- The Washington Times - Wednesday, February 26, 2020

Progressives cheered Wednesday as Pete Buttigieg and Amy Klobuchar joined the list of Democratic presidential primary contenders opting to skip next week’s American Israel Public Affairs Committee conference, the biggest pro-Israel event of the year.

Both candidates reportedly indicated that the event overlapped with the pivotal Super Tuesday primary on March 3, and neither criticized AIPAC, unlike Sen. Bernie Sanders, who created a stir Sunday by accusing the organization of promoting bigotry.

Even so, left-wing groups like MoveOn and IfNotNow, which have urged Democratic candidates to stay away from the conference, framed the latest opt-outs as a slap to AIPAC and its pro-Israel advocacy.

“This is a watershed moment and a major victory against the bigotry that AIPAC has legitimized for decades,” said Dani Moscovitch, IfNotNow co-founder, adding, “It is time to end the blank check and for our tax dollars to stop funding the Israeli occupation.”

MoveOn senior political advisor Dan Kalik said the organization’s members were “excited that Democratic candidates are listening to the grassroots majority that supports peace and diplomacy over disastrous wars of choice.”



So far only former New York City Mayor Michael R. Bloomberg has agreed to appear at the March 1-3 conference in Washington, D.C., which is being headlined by Vice President Mike Pence. Sen. Elizabeth Warren has also said she will not attend.

MoveOn, IfNotNow, Indivisible and the Working Families Party have formed a #SkipAIPAC coalition urging Democratic presidential primary candidates to avoid the conference.

“Thank you Senators Warren, Sanders, and Klobuchar and Mayor Pete for standing by your values and choosing to #SkipAIPAC,” Mr. Kalik said. “No candidates should be pandering to AIPAC, which spent millions in an attempt to defeat the Iran Nuclear Deal and continues to give a platform to Islamophobes and bigots.”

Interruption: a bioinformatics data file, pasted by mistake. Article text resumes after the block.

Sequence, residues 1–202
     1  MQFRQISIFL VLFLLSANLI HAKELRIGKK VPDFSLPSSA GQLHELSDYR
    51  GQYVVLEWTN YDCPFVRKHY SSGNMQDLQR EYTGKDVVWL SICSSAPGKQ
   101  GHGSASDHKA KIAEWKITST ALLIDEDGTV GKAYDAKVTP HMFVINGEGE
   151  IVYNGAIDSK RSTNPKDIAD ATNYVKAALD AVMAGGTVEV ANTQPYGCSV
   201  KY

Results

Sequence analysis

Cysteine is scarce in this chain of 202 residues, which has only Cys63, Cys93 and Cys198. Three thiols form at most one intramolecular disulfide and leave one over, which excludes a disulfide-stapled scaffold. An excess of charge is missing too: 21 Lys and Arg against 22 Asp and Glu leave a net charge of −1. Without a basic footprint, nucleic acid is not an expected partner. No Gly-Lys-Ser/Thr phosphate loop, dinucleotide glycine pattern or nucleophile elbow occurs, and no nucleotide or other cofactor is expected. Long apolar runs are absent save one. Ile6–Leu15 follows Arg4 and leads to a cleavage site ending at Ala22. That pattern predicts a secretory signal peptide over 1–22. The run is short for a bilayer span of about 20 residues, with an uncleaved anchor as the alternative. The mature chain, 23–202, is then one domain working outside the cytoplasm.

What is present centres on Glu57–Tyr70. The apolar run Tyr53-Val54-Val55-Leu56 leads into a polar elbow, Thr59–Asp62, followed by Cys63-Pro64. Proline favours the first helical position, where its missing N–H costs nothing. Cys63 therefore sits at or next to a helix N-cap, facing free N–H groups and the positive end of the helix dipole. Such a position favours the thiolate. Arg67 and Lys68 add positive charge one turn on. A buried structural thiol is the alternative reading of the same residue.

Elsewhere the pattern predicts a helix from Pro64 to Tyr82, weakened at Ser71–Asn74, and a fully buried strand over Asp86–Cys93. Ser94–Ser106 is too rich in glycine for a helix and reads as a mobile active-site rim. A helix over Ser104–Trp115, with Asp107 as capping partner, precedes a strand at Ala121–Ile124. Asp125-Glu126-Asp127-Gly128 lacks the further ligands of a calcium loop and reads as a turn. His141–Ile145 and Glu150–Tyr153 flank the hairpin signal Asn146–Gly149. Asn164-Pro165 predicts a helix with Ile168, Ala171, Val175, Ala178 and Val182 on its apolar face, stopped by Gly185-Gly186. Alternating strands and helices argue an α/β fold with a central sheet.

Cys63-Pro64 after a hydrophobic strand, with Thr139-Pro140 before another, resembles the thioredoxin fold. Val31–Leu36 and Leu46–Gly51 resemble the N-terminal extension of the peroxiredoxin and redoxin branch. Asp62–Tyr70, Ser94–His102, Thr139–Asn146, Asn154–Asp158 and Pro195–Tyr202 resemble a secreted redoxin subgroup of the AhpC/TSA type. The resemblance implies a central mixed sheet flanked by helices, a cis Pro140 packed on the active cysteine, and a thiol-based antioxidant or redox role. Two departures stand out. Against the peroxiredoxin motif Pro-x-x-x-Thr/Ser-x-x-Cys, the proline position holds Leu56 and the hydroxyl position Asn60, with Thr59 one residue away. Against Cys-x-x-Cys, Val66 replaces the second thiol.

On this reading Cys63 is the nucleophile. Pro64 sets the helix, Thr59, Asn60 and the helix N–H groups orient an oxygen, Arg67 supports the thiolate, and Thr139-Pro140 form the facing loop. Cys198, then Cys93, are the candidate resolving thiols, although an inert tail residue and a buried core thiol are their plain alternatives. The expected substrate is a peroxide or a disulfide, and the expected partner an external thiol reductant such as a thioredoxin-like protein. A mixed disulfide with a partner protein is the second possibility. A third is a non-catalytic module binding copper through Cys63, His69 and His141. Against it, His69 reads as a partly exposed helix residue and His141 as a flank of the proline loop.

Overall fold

IfNotNow tweeted, “Four down, two (@JoeBiden and @TomSteyer) to go—and one lost cause (@MikeBloomberg),” which was retweeted by Sanders surrogate and Palestinian-American activist Linda Sarsour.

The Jewish News Syndicate reported that Ms. Klobuchar would not attend, while the Jewish Insider confirmed the Buttigieg news. The Jewish Telegraphic Agency reported that both candidates cited the conflict with the 14-state Super Tuesday primary.

 

Mr. Sanders tweeted Sunday that he was “concerned about the platform AIPAC provides for leaders who express bigotry and oppose basic Palestinian rights,” which AIPAC called “truly shameful.”

“Senator Sanders has never attended our conference and that is evident from his outrageous comment,” said AIPAC in a Sunday tweet.

On Wednesday, 347 rabbis came to AIPAC’s defense with an open letter saying, “As strong supporters of the U.S.-Israel relationship and AIPAC’s role in advancing it, we reject Senator Bernie Sanders‘ outrageous comment accusing AIPAC of fostering bigotry.”

AIPAC is one of the last remaining vehicles in American politics that proactively seeks to bring Americans from across the political spectrum together to achieve a common goal,” said the letter. “The AIPAC Policy Conference may be the largest political gathering of Democrats and Republicans in the entire country.”

Tensions have run high in recent years between AIPAC and Democrats as the party’s progressive wing increasingly sides with the Palestinian cause, but AIPAC noted that other prominent Democrats are scheduled to speak, including Senate Minority Leader Chuck Schumer and Rep. Hakeem Jeffries, both of New York; Sen. Cory Booker of New Jersey, and House Majority Leader Steny Hoyer.

The conference typically draws about 18,000 attendees and more than two-thirds of the congressional membership, according to AIPAC.

 

 

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